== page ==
WEATHER watchers have delved into a historic data book kept by whalers as they map out climate change through the decades.
A project led by the University of Sunderland is looking at logbooks dating back to the early 19th century kept by the expeditions, as well as explorers and merchants as they made trips to the Arctic.
The findings, which are helping experts in the ARCdoc research team gain a greater understanding of climate change, have included a conclusion that ice fronts recorded during those times were more advanced around the North Pole than they are today.
The logbooks include famous voyages such as Parry’s polar expedition in HMS Hecla and Sir John Franklin’s lost journey to navigate the Northwest Passage.
Some of the most significant information to be unearthed by the project is from painstaking analysis of 60 log books from whaling vessels, which contain descriptions of sea ice advancing and retreating every summer, with the crews recording the details as they ventured farther north than anyone else.
PhD Student Matthew Ayre has mapped what the ice was doing during that 100-year period, around the Davis Straits area, before greenhouse gases were in the atmosphere, and also used satellite data from the past 30 years as a comparison,
To understand how the data relates to today’s ice cover decline, Matthew had to translate the whalers’ archaic terminology into the first sea ice dictionary in standard 21st century observational vocabulary.
He traced every sea ice definition in UK history from satellite data of the past three decades, to the accounts of renowned Arctic explorer, scientist and Whitby whaler William Scoresby Jnr, who lived from 1789 to 1857, and wrote an account of the Arctic regions. He spent five weeks aboard the Coast Guard Cutter Healey, a research vessel and the US’s only operating polar ice breaker, as he recorded what was happening to the ice.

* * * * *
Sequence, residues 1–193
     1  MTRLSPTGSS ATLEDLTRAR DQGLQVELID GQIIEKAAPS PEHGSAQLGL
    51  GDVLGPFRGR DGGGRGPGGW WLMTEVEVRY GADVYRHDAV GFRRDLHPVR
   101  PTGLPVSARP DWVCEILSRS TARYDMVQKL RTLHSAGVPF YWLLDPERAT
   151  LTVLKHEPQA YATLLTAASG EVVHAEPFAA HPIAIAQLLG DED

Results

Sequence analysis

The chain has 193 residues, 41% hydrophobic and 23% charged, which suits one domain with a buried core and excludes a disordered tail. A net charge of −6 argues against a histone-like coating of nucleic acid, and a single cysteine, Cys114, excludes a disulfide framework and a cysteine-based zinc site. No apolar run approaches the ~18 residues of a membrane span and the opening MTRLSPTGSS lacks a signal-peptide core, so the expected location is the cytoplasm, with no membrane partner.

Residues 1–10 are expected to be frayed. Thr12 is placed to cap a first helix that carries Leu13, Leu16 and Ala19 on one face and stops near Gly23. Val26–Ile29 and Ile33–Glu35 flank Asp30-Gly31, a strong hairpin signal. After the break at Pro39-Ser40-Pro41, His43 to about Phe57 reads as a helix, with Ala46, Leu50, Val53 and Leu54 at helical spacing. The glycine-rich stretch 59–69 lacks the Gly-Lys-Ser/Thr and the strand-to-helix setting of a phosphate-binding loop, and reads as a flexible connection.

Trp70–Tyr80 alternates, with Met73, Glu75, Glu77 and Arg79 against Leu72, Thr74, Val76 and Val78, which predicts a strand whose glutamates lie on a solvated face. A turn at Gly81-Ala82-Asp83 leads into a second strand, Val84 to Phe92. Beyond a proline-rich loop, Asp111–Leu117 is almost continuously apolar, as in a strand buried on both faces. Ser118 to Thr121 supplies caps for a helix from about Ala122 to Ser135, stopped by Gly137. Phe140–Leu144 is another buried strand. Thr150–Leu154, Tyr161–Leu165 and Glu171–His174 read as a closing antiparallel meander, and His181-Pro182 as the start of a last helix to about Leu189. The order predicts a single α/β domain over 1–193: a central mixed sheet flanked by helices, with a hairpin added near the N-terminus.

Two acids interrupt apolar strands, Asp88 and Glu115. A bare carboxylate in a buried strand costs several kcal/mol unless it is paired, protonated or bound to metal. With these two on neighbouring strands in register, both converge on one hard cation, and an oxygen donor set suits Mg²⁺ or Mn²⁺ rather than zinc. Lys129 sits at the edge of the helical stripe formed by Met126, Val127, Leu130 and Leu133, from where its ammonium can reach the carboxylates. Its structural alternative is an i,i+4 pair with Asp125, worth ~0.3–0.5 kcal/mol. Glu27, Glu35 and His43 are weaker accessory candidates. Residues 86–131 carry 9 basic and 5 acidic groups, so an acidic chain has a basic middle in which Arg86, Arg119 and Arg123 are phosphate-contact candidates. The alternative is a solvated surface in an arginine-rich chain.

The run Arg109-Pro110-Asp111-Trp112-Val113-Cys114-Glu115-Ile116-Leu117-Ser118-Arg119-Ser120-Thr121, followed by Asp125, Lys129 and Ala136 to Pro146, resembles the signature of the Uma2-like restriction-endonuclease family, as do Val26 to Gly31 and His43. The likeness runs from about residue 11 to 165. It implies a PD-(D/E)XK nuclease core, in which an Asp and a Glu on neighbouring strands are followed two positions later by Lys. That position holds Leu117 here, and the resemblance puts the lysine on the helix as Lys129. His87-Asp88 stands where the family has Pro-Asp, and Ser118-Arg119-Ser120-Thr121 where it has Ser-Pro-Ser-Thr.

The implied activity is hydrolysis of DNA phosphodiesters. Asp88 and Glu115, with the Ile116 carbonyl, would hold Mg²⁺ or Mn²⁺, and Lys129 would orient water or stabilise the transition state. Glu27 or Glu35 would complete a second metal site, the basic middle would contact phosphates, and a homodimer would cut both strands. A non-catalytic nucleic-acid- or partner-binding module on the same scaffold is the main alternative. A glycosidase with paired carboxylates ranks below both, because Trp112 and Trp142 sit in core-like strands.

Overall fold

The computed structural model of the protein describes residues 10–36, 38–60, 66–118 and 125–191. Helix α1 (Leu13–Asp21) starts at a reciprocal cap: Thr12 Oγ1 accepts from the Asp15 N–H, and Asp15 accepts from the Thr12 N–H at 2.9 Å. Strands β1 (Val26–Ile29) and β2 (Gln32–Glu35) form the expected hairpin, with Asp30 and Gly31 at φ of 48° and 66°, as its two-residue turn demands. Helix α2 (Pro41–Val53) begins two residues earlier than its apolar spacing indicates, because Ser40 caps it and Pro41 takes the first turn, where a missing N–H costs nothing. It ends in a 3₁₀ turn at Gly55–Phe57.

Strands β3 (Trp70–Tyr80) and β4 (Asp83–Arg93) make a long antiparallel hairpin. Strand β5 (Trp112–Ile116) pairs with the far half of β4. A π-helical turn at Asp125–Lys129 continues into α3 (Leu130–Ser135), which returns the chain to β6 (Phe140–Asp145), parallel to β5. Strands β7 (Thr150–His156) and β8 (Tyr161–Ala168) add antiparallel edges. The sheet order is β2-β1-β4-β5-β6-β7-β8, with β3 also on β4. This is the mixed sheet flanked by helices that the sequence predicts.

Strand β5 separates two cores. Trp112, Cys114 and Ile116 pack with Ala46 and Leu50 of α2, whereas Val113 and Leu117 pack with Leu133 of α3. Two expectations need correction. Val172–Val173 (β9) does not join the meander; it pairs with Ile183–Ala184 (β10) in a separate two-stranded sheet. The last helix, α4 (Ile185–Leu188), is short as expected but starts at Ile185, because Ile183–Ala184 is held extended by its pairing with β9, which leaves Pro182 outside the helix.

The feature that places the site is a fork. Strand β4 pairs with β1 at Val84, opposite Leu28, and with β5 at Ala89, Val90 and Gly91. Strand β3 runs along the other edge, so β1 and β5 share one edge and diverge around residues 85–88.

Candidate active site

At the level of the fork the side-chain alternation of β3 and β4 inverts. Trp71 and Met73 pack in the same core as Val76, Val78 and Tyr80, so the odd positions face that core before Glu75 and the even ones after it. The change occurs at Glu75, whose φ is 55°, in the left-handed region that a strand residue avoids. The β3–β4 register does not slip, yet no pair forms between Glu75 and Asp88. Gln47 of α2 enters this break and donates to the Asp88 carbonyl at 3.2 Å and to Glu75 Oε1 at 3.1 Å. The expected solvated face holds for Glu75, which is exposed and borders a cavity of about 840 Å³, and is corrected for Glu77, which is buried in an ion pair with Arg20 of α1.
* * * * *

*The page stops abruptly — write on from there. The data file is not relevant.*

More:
Matthew said: “Apart from modern-day research vessels, these are the only books in history from ships which seek out the ice edge in great detail and follow it. They describe various type of ice from ‘loose’ to ‘heavy’; using this data I was able to map the ice edge, which has never been done before in any great detail because it melts and freezes every year.
“For example we found that if you work your way through the months August to September, which is the time of maximum melt, data shows that in Baffin Bay there was a persistent feature of middle ice in the early 19th century which is not there today.”
Dr Dennis Wheeler, who is leading the project, said: “Significantly this is the first time we have ever had direct observational information on the ice fronts in the North Atlantic and Davis Straits area before 1900.
“Until the introduction of satellite information from the 1970s, we didn’t know what the ice was doing.
“Well, now we know that it was more advanced, therefore the retreat of the ice in the last 30 years is part of a more recent and new pattern of climate change, so these log books contain absolutely vital climatologically information.”
The three-year project has been funded by the Leverhulme Trust in collaboration with the Scott Polar Research Institute, The MET Office Hadley Research Centre and Hull University’s Maritime Studies Unit.